A Carpet of Tiny, Jewel-Like Treasures: Hardy, Ground Covering Succulents …

July 21st, 2011 § 6 comments

Sedum spurium ‘John Creech’ Blooming on the Ledges

Nature hates a vacuum, and when she sees one, she usually fills it as quickly as possible. As gardeners, we often find ourselves at odds with Mother Nature’s plant choices, and when we really dislike them, we call them “weeds”. Spaces between stepping stones, pockets between rocks and ledges, cracks along walkways, and various other crevices at ground-level create wonderful planting opportunities. Rather than allow crab grass or white clover seed to take hold in these spots, I choose to get a jump on Mother Nature; filling them with plants of my own choosing. Low-growing, hardy succulents, like Sedum spurium and other species of stonecrop, are great for filling nooks and crannies; creating beautiful carpets of color throughout the seasons.

Although many gardeners think of succulents as desert plants —suitable only for warm, sunny climates— many species are actually very cold hardy and a great number will even tolerate dappled shade. Have some rocky spaces to fill? Pictured here are a few of the hardiest species growing in my garden; plants that can take a beating from snow, ice, cold, pets and people. And for more great design ideas —including ways to use sedum ground covers and other hardy, succulent plants— check out Debra Lee Baldwin’s Designing with Succulents and Hardy Succulents by Gwen Kelaidis and Saxon Holt. Crowd out weeds and create a tapestry of jewel-like color at your feet with beautiful, ground-covering sedum …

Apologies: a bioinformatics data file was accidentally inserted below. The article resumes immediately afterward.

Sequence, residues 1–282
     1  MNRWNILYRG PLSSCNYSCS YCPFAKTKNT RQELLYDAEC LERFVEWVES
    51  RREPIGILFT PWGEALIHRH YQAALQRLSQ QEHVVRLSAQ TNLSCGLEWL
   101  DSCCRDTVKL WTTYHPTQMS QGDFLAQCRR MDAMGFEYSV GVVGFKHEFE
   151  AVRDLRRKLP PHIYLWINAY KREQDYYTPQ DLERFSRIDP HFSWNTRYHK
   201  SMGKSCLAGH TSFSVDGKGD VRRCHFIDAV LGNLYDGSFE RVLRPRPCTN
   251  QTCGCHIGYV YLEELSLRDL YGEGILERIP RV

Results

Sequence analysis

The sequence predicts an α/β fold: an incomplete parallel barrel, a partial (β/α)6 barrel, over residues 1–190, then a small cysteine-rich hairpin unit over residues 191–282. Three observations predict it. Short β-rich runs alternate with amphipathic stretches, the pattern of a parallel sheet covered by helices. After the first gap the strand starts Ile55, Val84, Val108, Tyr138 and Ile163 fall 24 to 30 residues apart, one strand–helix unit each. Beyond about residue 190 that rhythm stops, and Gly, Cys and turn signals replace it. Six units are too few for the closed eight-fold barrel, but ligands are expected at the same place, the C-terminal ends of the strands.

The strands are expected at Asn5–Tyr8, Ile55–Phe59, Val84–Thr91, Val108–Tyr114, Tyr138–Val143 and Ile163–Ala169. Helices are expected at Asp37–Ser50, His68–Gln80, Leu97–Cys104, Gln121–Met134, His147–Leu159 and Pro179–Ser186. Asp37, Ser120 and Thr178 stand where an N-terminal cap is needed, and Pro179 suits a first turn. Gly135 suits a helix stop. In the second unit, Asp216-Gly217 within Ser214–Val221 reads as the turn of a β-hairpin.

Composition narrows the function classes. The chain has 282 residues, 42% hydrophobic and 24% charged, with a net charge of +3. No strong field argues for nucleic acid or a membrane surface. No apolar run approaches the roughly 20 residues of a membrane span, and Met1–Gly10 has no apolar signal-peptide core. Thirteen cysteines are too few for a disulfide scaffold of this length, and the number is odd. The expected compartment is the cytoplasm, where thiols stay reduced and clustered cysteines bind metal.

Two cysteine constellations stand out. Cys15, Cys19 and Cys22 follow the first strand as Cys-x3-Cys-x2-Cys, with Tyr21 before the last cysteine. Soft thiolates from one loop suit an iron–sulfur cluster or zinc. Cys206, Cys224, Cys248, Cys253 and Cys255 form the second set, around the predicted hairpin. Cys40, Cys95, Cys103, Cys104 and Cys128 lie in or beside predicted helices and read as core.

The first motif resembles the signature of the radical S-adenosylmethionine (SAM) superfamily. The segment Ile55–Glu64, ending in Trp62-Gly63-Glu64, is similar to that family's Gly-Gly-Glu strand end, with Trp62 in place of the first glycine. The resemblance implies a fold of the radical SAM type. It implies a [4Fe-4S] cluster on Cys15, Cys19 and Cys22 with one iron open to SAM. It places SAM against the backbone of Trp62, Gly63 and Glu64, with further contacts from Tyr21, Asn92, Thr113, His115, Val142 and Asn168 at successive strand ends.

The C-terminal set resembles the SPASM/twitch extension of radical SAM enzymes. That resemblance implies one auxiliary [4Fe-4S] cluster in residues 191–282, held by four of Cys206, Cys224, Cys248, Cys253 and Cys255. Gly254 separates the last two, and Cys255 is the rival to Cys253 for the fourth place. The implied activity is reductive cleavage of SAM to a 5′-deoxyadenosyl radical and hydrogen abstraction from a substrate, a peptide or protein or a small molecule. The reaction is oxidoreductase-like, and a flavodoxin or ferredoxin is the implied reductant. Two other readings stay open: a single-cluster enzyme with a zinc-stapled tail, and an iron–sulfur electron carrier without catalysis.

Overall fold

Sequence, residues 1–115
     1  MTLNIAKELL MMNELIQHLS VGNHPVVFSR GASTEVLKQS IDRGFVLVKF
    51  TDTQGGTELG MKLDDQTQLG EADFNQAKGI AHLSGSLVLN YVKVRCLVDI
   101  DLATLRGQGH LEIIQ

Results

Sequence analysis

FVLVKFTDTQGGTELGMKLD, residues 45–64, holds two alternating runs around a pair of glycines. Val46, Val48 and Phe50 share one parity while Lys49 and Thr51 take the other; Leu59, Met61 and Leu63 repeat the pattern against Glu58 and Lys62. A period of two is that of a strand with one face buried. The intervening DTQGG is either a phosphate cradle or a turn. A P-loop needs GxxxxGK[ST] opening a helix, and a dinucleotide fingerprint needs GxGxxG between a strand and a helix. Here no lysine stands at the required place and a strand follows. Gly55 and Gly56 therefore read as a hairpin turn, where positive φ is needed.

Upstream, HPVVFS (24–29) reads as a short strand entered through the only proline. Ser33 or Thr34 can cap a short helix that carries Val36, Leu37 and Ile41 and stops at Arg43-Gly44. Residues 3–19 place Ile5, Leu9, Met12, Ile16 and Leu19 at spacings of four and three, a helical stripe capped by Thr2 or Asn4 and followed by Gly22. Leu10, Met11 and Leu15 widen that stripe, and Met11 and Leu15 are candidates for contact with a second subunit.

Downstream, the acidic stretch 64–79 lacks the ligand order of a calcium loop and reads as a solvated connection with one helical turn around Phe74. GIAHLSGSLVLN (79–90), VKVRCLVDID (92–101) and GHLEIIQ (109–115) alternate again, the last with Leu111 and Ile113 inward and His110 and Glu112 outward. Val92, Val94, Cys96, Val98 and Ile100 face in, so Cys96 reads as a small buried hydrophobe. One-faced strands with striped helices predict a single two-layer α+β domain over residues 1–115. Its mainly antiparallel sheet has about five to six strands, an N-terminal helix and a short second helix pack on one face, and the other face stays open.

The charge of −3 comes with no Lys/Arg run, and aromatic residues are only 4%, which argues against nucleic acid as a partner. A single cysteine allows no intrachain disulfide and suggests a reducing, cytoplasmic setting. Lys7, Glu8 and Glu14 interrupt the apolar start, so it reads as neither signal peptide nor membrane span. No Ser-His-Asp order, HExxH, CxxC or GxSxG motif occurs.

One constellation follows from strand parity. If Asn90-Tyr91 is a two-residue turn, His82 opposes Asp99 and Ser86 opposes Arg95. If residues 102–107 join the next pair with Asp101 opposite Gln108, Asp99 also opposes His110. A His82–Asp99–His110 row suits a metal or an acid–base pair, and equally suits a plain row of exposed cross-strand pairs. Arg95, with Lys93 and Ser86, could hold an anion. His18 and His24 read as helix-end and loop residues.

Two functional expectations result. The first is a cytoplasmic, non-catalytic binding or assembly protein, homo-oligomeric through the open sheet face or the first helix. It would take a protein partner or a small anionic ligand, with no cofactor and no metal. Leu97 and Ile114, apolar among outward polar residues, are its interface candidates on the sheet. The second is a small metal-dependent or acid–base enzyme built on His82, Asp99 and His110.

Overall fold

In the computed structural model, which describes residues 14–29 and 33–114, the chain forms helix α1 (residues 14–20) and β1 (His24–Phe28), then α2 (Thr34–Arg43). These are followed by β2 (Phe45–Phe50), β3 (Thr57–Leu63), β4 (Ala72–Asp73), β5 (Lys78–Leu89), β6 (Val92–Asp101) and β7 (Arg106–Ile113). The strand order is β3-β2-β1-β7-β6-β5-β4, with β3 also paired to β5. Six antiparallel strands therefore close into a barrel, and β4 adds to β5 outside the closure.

Sedum spurium ‘Dragon’s Blood’ forms a brilliant, scarlet carpet; brightening the grey-stone walkway

Sedum rupestre ‘Angelina’ takes on an orange-cast in hot, dry, sun

Chartreuse-Gold Sedum rupestre ‘Angelina’ makes a pretty filler-plant along the edge of the Wildflower Walk

Sedum spurium ‘John Creech’ with Juniperus horizontalis ‘Wiltonii’ and Ajuga reptans ‘Purple Brocade’ in a dry, sunny spot along the walkway

Sedum rupestre ‘Angelina’, glows in the shadows; planted here in a semi-shade location with Ajuga reptans ‘Purple Brocade’

Designing with Succulents by Debra Lee Baldwin

Hardy Succulents from Gwen Kelaidis with photographs by Saxon Holt

Photographs and Text ⓒ Michaela Medina/The Gardener’s Eden. All photographs, articles and content on this site, (with noted exceptions), are the original, copyrighted property of The Gardener’s Eden and may not be reposted, reproduced or used in any way without prior written consent. Contact information is in the left side bar. Thank you!

Do you enjoy The Gardener’s Eden? You can help support this site by shopping through affiliate links (including Amazon book links). A small percentage of each sale will be paid to this site, helping to cover web hosting and maintenance costs. Thank you so much for your support!

shopterrain.com

Sephora.com, Inc.

Gardener's Supply Company

Tagged , , , , , , , , , , , , , , , ,

§ 6 Responses to A Carpet of Tiny, Jewel-Like Treasures: Hardy, Ground Covering Succulents …"

  • Deb Weyrich-Cody says: